There are a lot of good things happening with educational 3D across the country, yet I find that most of the great stories about 3D in classrooms somehow seem to fly under the radar. Yes, good things are in fact happening, but often no one knows about them. That’s because educators rarely toot their own horn; it’s also because the education industry is highly isolated and successful programs are often geographically pigeonholed. Rarely do successes get the broad recognition they deserve. It's for that reason that I provide another school success story here.
Case study trials of interactive 3D software being conducted in Sweden over a two month period last year produced impressive results.
Two Stockholm schools were involved in this project. The first is Vällingbyskolan, which enrolls over 700 students from the ages of six to fifteen, including students with learning disorders and disabilities. The students taking part in the trials, however, were mainly ages 13 to 15. Class size at Vällingbyskolan ranges from 15-25 students. The second school, Högalidsskolan, piloted 3D with students in year 5 to year 9 (students in the 10-16 age group). Both schools were piloting The 3D Classroom, a solution offered by Sensavis, focusing on the “Human Body” series covering the heart, lungs, kidney and fertility.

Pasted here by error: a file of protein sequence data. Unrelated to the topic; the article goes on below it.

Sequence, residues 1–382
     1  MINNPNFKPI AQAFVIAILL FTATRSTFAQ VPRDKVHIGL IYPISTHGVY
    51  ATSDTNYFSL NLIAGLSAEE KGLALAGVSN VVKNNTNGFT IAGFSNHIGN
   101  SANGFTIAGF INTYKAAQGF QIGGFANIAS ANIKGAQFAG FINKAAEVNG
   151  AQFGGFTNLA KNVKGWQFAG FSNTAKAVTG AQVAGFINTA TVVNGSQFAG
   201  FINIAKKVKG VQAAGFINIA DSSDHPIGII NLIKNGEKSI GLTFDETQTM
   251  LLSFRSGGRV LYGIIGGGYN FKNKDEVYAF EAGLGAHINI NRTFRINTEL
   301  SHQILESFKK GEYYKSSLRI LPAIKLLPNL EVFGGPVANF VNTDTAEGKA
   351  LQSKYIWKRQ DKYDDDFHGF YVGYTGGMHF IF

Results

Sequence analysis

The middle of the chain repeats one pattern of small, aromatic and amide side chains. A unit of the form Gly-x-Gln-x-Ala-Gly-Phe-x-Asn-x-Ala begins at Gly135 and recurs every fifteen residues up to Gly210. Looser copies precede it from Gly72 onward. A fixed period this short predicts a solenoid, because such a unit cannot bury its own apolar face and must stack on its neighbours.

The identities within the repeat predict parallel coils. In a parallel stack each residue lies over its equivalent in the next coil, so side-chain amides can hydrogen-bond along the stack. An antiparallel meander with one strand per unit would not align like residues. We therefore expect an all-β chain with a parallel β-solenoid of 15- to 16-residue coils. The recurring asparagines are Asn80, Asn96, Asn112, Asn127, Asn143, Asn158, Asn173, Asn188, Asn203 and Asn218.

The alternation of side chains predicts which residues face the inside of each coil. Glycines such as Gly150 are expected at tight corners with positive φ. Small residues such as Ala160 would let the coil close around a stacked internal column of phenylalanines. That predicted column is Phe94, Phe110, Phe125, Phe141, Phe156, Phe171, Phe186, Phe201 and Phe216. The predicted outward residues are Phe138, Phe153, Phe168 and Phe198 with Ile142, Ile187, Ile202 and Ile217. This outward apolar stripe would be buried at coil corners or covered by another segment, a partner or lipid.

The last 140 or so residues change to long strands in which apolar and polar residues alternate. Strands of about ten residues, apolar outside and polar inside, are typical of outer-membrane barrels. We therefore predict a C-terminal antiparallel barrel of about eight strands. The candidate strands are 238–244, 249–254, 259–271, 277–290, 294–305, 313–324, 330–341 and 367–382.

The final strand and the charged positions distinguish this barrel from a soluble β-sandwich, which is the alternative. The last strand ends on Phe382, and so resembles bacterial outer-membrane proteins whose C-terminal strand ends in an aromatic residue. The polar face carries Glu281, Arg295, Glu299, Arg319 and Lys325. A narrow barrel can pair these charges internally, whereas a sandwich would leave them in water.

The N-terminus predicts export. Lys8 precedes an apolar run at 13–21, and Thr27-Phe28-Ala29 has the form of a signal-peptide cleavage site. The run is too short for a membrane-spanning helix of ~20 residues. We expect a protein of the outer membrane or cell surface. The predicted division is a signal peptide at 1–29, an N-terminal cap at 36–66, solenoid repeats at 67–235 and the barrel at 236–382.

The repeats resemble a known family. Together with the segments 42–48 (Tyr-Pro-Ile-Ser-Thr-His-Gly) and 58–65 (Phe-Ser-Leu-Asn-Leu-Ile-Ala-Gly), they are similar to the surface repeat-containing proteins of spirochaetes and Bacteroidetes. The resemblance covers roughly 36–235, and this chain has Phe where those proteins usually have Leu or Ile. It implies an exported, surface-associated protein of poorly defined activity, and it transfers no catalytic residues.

According to the principals who lead these projects in their respective buildings, a number of observable academic and behavioral benefits were evidences when using 3D in the classroom. Let me present these findings in this fashion (the hierarchy is mine, not theirs):
The principals of these schools, both of whom I interviewed, are indeed bullish on 3D. “A motivated student absorbs knowledge more easily and remembers what they have been taught. We have trialed 'The 3D Classroom' for two months and I am convinced that this is the future of learning,” said Fredrik Boström, principal of Vällingbyskolan. “This technique captures attention, engages the students, and moreover, it is cost effective.” Mattias Boström, the principal of Högalidsskolan, reflected, “We have been trialing The 3D Classroom for the past eight weeks and have been monitoring the response from teachers and students. The feedback is overly positive. We will definitely implement this program in our school.” (Please note that, despite identical last names, these two school leaders are not relatives.)
Despite the apparent slow-dance we generally see in the educational market, high-tempo schools are not letting up. Principals like Mattias Boström see it as the future. They continue to employ and explore 3D for its educational advantage. These schools in Stockholm are swinging to an upbeat rhythm—the rhythm of 3D visualization in education—I like to call it the rhythm of the mind’s eye. It’s just another example of 3D school success stories in action.